Firstly, the word “Woodworm” is generally used as a collective term to describe what we generally prefer to call “wood-boring insects”. It is a term which refers to the larvae of a wood-boring beetle that looks a bit like a worm. When talking about woodworm, or wood-boring insects which cause damage in buildings, there are usually 4-5 different species we tend to deal with. These are:
- Common Furniture Beetle (Anobium Punctatum)
- Death Watch Beetle (Xestobium Rufovillosum)
- Wood-boring Weevil (Euphryum Confine and Pentarthrum Huttoni)
- House Longhorn Beetle (Hylotrupes Bajulus)
- Bark Borer (Ernobius Mollis)
Where timber has been infested by any of these beetles, there are tell-tale signs we look for and these are generally the exit holes made by the insect and each insect makes a different sized exit hole. We also look for deposits of “frass” both around the exit holes and on surfaces underneath the visible exit holes.
For the purpose this blog, we will deal with the insect most people tend to refer to when mentioning “woodworm”, which is probably going to be the Common Furniture Beetle. The typical signs of infestation are visible holes in the timber, which are the exit holes made by the adult beetle, when eating it’s way out from the pupal chamber. Prior to that emergence, or exit hole, the insect will have been actively tunnelling it’s way through the affected timber for a period of around 3 years. Once new eggs are laid onto timber, they will hatch and the larva will begin it’s life tunnelling through the timber until it is ready to pupate. At that time, it forms a pupal chamber, where it turns into the adult beetle, who will then eat it’s way out of the timber, leaving the visible exit hole. The male and female beetles will then mate and the female will lay her eggs for the whole cycle to begin again.
This insect can and does infest timbers throughout properties. Generally, this insect will attack timber (softwood and hardwood) with a relatively high sap content. It will usually affect the sapwood of the timber unless fungal decay is also present, when it may also affect the heartwood. Timbers affected by dampness caused by rising or penetrating damp, which result in the moisture content of the timber being raised, are also more susceptible to wood-boring insect attack.
What you need to be looking out for are small round exit holes. The holes will be similar in sizes to the holes in a dart board (approx 2mm). However, whereas the holes on a dartboard are made from something puncturing the surface from the outside, the exit holes from Common Furniture beetle are made from the insect coming out of the timber; they are therefore very clean-cut around the sides of the hole. Depending on the level of the infestation, you may need to have a very keen eye to identify all the areas. To give you a better idea of what to look out for, please review the picture to the right.
Frass, or bore-dust, from the Common Furniture Beetle is generally cream-coloured, although can be darker dependent on the type of timber infested. This frass is made up of tiny lemon-shaped pellets which is gritty when rubbed between the fingers. Even if you cannot see any holes, you might find frass escaping from the back, or the underside of old furniture, which could suggest an active woodworm infestation. The picture to the left indicates what frass looks like.
Other signs to look for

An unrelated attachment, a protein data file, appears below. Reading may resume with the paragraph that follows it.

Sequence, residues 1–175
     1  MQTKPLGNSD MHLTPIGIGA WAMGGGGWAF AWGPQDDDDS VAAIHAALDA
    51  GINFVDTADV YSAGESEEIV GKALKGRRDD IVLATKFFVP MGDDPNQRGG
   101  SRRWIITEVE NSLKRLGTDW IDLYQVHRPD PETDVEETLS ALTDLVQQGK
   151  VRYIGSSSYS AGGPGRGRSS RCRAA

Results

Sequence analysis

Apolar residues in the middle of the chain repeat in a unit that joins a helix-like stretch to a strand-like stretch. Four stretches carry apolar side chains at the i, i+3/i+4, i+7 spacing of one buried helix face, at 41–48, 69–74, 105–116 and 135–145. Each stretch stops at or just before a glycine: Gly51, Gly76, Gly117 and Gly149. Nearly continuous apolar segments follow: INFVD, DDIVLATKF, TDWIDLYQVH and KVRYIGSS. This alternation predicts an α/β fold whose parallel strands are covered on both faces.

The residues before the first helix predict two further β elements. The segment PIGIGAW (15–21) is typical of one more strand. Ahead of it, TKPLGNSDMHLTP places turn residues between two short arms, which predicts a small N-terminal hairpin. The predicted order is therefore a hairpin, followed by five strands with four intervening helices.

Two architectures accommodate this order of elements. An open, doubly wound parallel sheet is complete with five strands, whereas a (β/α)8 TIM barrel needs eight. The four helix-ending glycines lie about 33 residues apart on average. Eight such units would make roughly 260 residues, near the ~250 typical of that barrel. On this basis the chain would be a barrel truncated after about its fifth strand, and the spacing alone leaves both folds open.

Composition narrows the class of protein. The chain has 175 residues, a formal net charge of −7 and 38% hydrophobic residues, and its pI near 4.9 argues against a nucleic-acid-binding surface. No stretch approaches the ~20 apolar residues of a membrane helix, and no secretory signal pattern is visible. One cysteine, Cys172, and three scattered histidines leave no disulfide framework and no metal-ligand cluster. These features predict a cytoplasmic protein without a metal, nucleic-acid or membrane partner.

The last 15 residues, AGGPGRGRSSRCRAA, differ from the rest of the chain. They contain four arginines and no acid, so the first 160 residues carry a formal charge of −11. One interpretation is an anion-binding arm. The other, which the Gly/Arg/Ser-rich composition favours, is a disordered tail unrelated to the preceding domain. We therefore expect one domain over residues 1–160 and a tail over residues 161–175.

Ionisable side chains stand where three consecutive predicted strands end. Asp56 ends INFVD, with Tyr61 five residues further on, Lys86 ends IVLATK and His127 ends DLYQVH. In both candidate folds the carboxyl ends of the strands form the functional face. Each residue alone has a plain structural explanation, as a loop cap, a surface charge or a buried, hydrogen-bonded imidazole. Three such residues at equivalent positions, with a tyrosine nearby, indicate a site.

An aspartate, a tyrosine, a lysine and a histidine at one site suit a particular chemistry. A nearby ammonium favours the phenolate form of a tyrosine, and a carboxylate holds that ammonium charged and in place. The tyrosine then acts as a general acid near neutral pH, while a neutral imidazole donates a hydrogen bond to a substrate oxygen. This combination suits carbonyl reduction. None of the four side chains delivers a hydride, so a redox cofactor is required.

Another sign to look for, where you think you may have an infestation of wood-boring insects, is crumbly edges to floor boards and joists. This is caused by the breakdown of the cellular make-up of the timber from the tunnelling within which, as mentioned earlier, can be happening for approximately 3 years – per larva!
Depending on the type of timber affected, it is sometimes possible to see a variety of small tunnels that have been bored into the wood. This becomes very noticeable on wooden floor boards which have been sanded in readiness for varnishing. The act of sanding the timber down removes the top 2 or 3mm of floor board, which can often expose some of the tunnels made by the larval stage of the insect. The following pictures indicate this:
Is the infestation active, or not?
The reality is, an awful lot of woodworm infestations have been treated over the past 40-50 years and if the treatment was carried out properly, in most cases, there should not be a re-infestation. It is always useful for us to know if an infestation has been treated previously and also, where possible, when that treatment was carried out. One thing a treatment does not do, is to remove the old exit holes from the timber.
When an infestation is found, one thing we tend to look at is the general colour of the visible emergence / exit holes in the timber surfaces. More-often-than-not, where the holes are dusty and the same colour as the outer surfaces of the timber and there is no visible evidence of frass (or bore dust) they are likely to be old. Fresh holes from a recent active infestation in old timber tend to look very clean and bright because it is possible to see the original timber colour within the hole. We are also looking for signs of frass around the hole and on surfaces underneath any holes.
The other thing which comes into play is the flight emergence period, which, for the Common Furniture Beetle is usually from around May through to August / September. So! if you see just a few holes – maybe in a cupboard underneath stairs – it may be a good idea to fill the exit holes which are visible with beeswax and wait for a year to see if more appear the following year.
If you are lucky enough to actually see beetles emerging from timbers then take this as a clear tell-tale sign there is an active infestation.